Pathogens invade their hosts by several mechanisms including binding to glycans (sugars) on our cell surface. This binding is a crucial stage in their infection cycle and understanding these processes and developing new diagnostics and treatments. In this work we used glycoyslated nanoparticles to investigate how carbohydrate-binding proteins on the surface of influenza (hemagglutinins) bind sialic acids. We used our gold nanoparticle platform to enable easy incorporation of the sialic acids at the ends of polymers immobilised onto the gold particles, ensuring they were colloidally stable but still capable of present the sialic acids. Using a range of assays we optimized their structure to maximise outputs. We then interrogated a panel of hemaglutinins from different influenza strains, including zoonotic (species-crossing) strains. Crucially, when influenza 'jumps species' (e.g. avian to human), the nature of the glycan it binds also changes, which we were able to rapidly map. These results showed that our nanoparticle platform is a suitable tool for interrogating viral surface proteins and for helping to understand zoonosis.
Latest work published in Materials Horizons exploits new polymeric nanomaterials to modulate ice growth.
Polymerisation-induced self-assembly (PISA), a scalable and versatile method to obtain soft nano-objects is utilised for the first time to introduce ice recrystallisation inhibiting (IRI) polymer nanomaterials. Crucially we developed a method to ensure the particles are saline stable which is essential for IRI testing but current PISA formulations cannot tolerate any salt. Uniquely, we achieved this by tuning the core, enabling us to retain our IRI active corona (based on poly(vinyl alcohol)). The resulting particles showed remarkable activity, inhibiting all ice growth below 1 mg.mL-1. These results are significant as they show that Nature’s approach to hyperactivity, based upon aggregation/self-assembly, can be mimicked using polymer self-assembly.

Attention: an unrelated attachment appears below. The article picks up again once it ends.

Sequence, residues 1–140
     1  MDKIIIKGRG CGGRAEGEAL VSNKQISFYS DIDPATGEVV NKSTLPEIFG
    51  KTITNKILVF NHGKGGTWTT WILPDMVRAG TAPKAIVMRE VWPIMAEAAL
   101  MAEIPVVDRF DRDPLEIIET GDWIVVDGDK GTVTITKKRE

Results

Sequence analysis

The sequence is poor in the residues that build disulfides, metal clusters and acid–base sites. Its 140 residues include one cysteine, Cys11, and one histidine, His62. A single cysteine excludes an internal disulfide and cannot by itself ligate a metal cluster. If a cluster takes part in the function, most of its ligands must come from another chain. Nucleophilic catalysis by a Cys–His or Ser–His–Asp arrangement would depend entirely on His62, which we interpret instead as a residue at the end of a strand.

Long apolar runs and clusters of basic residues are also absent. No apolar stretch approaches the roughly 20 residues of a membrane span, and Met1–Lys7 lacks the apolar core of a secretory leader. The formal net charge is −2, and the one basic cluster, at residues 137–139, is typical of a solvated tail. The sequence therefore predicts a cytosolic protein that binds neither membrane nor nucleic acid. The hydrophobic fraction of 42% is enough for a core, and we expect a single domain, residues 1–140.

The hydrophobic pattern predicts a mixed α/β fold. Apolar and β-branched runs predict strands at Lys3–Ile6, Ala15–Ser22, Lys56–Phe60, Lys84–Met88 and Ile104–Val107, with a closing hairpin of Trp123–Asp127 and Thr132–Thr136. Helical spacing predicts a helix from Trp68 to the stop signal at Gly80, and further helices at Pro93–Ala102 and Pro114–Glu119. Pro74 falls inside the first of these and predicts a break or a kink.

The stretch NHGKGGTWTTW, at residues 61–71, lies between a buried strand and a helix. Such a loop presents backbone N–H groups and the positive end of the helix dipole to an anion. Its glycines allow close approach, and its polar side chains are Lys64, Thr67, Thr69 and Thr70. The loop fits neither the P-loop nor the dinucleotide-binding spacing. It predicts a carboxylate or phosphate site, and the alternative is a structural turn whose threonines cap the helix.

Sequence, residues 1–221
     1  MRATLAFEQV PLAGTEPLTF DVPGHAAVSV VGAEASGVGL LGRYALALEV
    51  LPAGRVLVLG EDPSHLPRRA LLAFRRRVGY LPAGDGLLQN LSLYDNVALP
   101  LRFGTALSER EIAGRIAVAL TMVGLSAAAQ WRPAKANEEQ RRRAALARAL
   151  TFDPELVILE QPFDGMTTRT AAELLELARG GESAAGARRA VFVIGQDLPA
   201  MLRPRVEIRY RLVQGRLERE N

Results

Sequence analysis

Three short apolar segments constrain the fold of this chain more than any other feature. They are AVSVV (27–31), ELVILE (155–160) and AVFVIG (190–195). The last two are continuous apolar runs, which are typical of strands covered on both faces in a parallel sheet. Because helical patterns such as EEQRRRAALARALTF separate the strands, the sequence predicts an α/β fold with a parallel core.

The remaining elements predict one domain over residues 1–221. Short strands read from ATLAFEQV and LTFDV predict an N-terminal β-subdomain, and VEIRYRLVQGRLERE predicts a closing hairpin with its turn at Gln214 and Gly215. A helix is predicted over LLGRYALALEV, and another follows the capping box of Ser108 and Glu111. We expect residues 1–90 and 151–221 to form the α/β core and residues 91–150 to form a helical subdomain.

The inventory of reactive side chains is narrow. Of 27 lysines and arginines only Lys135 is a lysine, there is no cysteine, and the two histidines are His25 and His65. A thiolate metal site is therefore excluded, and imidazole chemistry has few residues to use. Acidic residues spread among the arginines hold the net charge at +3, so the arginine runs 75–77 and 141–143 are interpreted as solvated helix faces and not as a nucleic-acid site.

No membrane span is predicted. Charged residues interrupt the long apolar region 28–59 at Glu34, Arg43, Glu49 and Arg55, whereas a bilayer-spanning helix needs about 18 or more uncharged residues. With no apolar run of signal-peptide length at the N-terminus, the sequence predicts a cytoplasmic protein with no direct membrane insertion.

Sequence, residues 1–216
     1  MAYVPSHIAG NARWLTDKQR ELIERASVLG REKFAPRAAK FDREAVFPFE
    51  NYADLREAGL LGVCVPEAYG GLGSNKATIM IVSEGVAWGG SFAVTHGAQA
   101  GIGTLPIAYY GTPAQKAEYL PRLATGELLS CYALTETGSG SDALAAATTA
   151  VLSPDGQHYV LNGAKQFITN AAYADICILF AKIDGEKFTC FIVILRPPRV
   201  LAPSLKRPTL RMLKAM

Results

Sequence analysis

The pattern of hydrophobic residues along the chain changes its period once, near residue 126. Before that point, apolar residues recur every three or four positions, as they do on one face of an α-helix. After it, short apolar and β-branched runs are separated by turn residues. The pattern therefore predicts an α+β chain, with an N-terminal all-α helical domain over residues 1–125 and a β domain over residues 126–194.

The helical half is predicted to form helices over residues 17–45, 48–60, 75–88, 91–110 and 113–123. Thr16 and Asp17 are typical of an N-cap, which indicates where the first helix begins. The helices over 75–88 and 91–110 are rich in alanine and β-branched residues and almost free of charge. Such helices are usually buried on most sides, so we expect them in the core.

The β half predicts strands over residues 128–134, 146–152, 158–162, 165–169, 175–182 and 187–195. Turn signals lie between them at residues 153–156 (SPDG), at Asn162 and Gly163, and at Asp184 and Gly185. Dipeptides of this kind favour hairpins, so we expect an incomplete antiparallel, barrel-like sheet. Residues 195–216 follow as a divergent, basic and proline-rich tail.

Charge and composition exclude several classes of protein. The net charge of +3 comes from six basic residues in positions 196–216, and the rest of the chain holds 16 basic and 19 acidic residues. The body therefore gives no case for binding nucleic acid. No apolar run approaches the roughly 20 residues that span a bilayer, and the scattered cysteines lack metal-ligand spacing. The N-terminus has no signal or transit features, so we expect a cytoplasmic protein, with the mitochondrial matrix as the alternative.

Our recent work using a photochemical high-throughput discovery platform to identify new macromolecular cryoprotectants has been published in Macro Letters.
In this study we used a liquid handling system to produce 120 unique terpolymers using photopolymerisation with RAFT agents. These terpolymers were screened using a red blood cell freezing assay to identify the best and the worst polymer cryoprotectants, allowing us to explore the chemical space in a short time frame. Testing the hit polymers with a nucleated cell line demonstrated that the high throughput screen was able predict how well the polymers would perform as cryoprotective agents in a more complex assay. This new high throughput approach will allow us to identify new, potent macromolecular cryoprotectants.
Read the paper here:
New work on using X-rays for assessment of ice recrystallisation inhibition is published in Analyst
X-ray diffraction to probe the kinetics of ice-recrystallisation inhibition
We have a large program to discover and understand macromolecular cryoprotectants and new materials to control ice growth. This is typically assessed by end-point assays using averaged data from a small number of ice crystals. Here we make use of the University of Warwick's excellent X-ray scattering platform to show how we can use a 2-D detector on WAXS (wide-angle x-ray scattering) to monitor ice recrsytallisaton in a bulk sample enabling 100's of crystals to be sampled. This method enables easy access to kinetic information which is challenging to obtain from cryo-microscopy alone.